Figure 4.
Murine-specific expression of the transcription factor Csda is induced by a murine-specific transposome carrying POU5F1 binding site. (A) CSDA is expressed during mouse PED, but not in human and bovine PED. CSDA is analyzed by two mouse probe sets (red), ...

A second transposon in the mouse genome is associated with species-specific gene expression during PED. This transposon, Orr1b1-int, a member of the ERV3 family of retroviruses, is inserted upstream of the murine Mtf2 gene (Fig. 5A,D). Orr1b1-int is a “younger” transposon than Lx8 (Supplemental Fig. S3), but may have more potent gene regulatory effects than Lx8. Orr1b1-int contains a CRM comprised of two TFBSs (POU5F1 and a NANOG), in contrast with the single POU5F1 site in Lx8. ChIP-seq data revealed strong binding of POU5F1 and NANOG to their corresponding TFBSs within this Orr1b1-int, as reflected by large sequence counts: (the NANOG site ranked 434 among 10,345 detected NANOG sites, and the POU5F1 site ranked 66 among 3736 detected POU5F1 sites) (Chen et al. 2008). The POU5F1 binding on this Orr1b1-int region was five times stronger than on the Lx8 Csda enhancer. For both NANOG and POU5F1, the minimal overlaps of the ChIP-seq reads pinpointed to sites that matched their known DNA binding motifs (Fig. 5D), further confirming that the TF–DNA binding was a result of the presence of TFBSs within the Orr1bi-int sequence. These data, together with the gain of another NANOG TFBS by mutation (see below), offer an explanation for the dramatic difference in MTF2 expression among the three mammals analyzed in this study (Fig. 2A). Although it is not known why MTF2 transcripts are present in only human and bovine oocytes, the dramatic, mouse-specific induction of the Mtf2 gene during PED is consistent with the gain of murine-specific regulatory sequences.

Figure 5.
Mouse-specific expression of Mtf2 is due to the creation of transcription factor binding sites produced through the combined effects of a single nucleotide mutation and transposon-introduced sequences. (A) Binding sites for POU5F1, SOX2, NANOG, and RNA ...

Turnover of TFBSs caused by single nucleotide mutations

Besides transposons, we postulated that single nucleotide changes may cause TFBS turnover and thus be responsible for interspecies differences in mammalian PED. Associating TFBSs with single nucleotide mutation with the genes with species-specific expression, we found three single nucleotide mutations that appear to influence gene expression by modulating the binding affinities of the TFBSs. Two of the three mutations locate within the same TFBS upstream to the FRAT2 gene, and the third mutation locates upstream to the MTF2 gene.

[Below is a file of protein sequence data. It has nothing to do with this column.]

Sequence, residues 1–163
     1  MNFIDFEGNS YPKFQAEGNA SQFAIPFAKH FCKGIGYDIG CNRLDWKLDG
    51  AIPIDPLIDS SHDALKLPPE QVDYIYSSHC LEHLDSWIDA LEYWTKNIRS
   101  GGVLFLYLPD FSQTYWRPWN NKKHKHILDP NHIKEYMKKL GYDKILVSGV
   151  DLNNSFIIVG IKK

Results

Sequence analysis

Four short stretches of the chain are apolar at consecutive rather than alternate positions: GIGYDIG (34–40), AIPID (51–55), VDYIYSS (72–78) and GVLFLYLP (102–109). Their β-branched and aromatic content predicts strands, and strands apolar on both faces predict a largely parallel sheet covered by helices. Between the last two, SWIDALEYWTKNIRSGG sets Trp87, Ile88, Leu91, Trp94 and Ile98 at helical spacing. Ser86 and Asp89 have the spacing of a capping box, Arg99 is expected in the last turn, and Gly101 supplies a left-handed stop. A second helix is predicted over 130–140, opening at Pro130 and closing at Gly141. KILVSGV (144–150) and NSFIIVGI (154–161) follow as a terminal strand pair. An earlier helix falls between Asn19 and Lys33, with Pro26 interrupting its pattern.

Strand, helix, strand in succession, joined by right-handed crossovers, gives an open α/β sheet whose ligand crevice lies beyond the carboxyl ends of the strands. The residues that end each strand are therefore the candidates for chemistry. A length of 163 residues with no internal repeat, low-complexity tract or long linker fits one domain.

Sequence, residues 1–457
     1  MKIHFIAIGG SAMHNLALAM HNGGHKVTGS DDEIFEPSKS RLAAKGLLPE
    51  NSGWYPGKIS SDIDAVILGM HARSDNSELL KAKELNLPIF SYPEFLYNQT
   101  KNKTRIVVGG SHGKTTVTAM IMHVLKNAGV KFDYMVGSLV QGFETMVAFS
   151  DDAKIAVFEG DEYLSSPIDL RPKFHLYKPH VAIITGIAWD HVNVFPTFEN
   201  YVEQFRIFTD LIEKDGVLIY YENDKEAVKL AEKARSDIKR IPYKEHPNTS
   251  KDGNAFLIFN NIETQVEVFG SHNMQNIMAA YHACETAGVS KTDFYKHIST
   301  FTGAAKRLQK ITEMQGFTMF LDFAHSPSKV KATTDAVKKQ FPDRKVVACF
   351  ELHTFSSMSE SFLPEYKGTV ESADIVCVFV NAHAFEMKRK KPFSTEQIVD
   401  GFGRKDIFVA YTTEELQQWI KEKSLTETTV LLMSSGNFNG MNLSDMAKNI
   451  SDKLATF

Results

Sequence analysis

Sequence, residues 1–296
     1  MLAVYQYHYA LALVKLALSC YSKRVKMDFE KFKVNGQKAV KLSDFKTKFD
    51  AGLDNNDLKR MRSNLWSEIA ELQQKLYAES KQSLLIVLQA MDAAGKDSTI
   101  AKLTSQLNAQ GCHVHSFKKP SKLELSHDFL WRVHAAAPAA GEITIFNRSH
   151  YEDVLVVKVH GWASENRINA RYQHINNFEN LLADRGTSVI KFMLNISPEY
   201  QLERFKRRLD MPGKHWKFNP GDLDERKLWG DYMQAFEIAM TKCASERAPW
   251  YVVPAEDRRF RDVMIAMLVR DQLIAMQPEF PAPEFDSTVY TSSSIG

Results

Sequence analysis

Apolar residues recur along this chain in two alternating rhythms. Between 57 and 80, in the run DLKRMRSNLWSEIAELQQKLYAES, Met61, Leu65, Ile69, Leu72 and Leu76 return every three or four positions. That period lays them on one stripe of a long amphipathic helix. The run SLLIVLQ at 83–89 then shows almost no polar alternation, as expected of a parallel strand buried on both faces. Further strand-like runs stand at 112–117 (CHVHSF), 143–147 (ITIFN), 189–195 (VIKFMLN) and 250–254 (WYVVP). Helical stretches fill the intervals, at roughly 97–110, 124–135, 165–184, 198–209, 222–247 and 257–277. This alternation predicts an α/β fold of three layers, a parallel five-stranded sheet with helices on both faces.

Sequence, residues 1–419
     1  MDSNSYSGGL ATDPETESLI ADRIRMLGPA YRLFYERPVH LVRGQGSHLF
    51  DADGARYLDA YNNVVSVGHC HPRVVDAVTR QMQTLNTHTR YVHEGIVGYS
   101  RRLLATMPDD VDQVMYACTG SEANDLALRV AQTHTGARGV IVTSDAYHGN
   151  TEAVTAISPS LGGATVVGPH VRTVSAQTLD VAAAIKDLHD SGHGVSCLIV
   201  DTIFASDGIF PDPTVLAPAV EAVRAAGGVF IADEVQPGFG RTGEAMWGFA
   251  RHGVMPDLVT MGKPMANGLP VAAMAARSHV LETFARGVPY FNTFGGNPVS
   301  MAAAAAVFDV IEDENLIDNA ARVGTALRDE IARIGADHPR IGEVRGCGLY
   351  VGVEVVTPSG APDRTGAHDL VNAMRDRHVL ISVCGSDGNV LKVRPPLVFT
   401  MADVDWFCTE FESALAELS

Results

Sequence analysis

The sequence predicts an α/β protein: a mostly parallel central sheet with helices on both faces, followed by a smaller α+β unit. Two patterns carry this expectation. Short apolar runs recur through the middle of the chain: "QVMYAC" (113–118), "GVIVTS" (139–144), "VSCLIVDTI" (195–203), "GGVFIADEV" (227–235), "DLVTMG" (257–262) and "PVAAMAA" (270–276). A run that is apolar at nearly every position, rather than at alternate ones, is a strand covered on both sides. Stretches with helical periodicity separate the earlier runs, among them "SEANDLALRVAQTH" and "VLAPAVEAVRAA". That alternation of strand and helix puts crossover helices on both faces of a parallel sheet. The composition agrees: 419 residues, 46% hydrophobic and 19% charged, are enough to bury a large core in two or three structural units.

FRAT2 belongs to the GSK-3-binding protein family and is a positive regulator of the WNT signaling pathway. Expression of the human and bovine FRAT2 genes is strongly induced in late PED, whereas the mouse Frat2 gene appears to be transcriptionally silent throughout PED. (Supplemental Fig. S4A). The absence of expression in mouse is attributable to an A-to-C mutation at the center position of the POU5F1 binding site (Supplemental Fig. S4C,D), which eliminated the POU5F1 binding, as indicated by a chromatin immunoprecipitation with a microarray hybridization (ChIP-chip) peak on the human POU5F1 site (Boyer et al. 2005), but no ChIP-seq signal in the genomic neighborhood of the mouse Frat2 gene (Chen et al. 2008) (Supplemental Fig. S4B). This mutation at the center of the DNA binding motif caused a loss of the TFBS. Furthermore, the human FRAT2 exhibits larger induction of expression in response to the increased concentration of POU5F1 during PED, as compared with the bovine system. This delicate difference is attributable to a primate-specific T-to-A mutation at the second position (a peripheral position) of the same POU5F1 TFBS (Supplemental Fig. S4C,D). This mutation made the human TFBS identical to the consensus sequence of the POU5F1 motif, thus generating a stronger TFBS than the bovine version (Matys et al. 2003). In summary, in the case of an orthologous group of POU5F1 TFBSs, two mutations are present in DNA motif. The central mutation was consistent with a dramatic change on gene expression, and the peripheral mutation was reflected by a delicate change of expression.